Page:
Friday, October 6, 2017

Cue the Policy Actors

"Give him the heat and announce my presence with authority!"

I haven't written anything in a while, and that may be a good thing. Then I saw a paragraph in Ben Casselman's New York Times column:
Jared Bernstein, a former economic adviser to Vice President Joseph R. Biden Jr. who is now with the liberal Center on Budget and Policy Priorities, said Mr. Yagan’s research could be read as an indictment of economic policy after the recession. If Congress and the administration had been willing to act more aggressively, they might have avoided some of the long-lasting damage that has been done.
There's been a lot of discussion and hand wringing over when and if the Federal Reserve should raise interest rates, and probably equal amounts of huffing and puffing over deficit-financed tax cuts. All of this got me thinking.

What drives policy makers – fiscal and monetary – to action or inaction? Or, since it's football season, when do they get in the game and when to they sit on the sideline? I like this metaphor because it suggests that I'm going all out or I'm waiting for my number to be called.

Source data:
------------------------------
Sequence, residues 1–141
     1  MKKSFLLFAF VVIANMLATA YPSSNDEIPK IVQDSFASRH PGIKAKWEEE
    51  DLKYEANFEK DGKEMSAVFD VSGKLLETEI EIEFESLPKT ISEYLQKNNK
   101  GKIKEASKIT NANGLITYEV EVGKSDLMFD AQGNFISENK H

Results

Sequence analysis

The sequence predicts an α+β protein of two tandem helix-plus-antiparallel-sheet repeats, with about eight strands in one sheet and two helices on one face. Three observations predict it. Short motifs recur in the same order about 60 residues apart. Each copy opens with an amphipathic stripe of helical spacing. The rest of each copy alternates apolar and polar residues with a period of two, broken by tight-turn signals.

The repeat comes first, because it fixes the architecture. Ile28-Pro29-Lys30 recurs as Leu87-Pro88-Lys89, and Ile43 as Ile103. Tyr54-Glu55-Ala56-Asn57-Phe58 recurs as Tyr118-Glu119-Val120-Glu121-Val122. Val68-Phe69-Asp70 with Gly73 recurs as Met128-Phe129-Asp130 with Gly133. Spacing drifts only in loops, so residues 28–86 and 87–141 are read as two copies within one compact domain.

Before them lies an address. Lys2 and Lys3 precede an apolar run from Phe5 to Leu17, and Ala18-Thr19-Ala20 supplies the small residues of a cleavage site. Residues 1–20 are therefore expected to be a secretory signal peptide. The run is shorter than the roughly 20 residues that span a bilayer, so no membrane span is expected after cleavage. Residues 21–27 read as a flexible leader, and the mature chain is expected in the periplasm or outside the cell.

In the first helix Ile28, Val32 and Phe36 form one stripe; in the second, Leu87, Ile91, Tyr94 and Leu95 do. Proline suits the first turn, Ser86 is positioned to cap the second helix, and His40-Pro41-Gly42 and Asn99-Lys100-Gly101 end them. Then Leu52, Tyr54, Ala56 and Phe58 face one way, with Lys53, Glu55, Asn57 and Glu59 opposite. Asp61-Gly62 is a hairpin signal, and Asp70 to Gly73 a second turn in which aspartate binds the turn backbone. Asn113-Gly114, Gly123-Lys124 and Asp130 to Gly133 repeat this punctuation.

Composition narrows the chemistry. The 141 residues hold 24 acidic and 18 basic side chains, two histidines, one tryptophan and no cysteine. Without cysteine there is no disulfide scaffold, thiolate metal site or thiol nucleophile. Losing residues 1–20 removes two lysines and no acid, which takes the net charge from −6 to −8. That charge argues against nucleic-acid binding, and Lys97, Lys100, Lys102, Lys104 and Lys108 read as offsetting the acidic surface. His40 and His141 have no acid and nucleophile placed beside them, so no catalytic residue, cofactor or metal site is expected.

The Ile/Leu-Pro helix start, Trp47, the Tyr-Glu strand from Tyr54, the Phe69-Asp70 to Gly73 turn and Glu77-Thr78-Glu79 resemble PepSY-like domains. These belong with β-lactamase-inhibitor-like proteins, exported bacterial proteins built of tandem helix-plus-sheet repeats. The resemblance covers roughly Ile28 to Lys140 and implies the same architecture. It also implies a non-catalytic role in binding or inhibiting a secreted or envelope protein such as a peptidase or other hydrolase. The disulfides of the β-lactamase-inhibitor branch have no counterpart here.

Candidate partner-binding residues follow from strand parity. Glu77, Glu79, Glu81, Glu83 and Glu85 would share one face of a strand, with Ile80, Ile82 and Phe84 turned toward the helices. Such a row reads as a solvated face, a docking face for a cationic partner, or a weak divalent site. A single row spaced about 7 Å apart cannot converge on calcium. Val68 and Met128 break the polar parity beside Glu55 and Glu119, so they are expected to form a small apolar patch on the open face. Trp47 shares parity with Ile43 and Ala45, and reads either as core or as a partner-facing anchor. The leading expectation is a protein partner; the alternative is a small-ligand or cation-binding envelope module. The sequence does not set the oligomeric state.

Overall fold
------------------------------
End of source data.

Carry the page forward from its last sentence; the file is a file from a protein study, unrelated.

Within the past month I read something (which, of course, I now can't find) that suggested that fiscal stimulus and monetary easing are best applied to faltering economies quickly and with great force, and that spreading that same stimulus over time greatly diminishes it effectiveness . The willingness or hesitance (and the ability or inability) to do so come from both the history and structures of the institutions wielding fiscal and monetary powers.

Congress – as a large collection of tribal representatives – moves slowly to establish consensus; without consensus, it may not move at all. The Fed – a small independent group of economic and finance types – can decide and act quickly. Each institution has its own history; each is somewhat cloistered.

For Congress the fiscal specter is poor budgetary choices made over time that result in ever-growing government debt. (post) For the Fed there's the pull of its dual mandate – price and employment stability – and a political uneasiness (and maybe envy) of its independence.

As I said at the top, this is my first post in a while and I don't have any solutions to these dilemmas. But each institutional actor in this economic play must do its job without overacting, entering the stage on cue and – as Mr. Bernstein suggests – making it a grand entrance.

Wednesday, April 26, 2017

A Tale of Two Curves

The difference between government revenue and personal remittance

Friday, April 21, 2017

Tuesday, March 28, 2017

Sing a Song of Six Picks

Do citizens have a "right" to many competitive products and services?

Thursday, March 16, 2017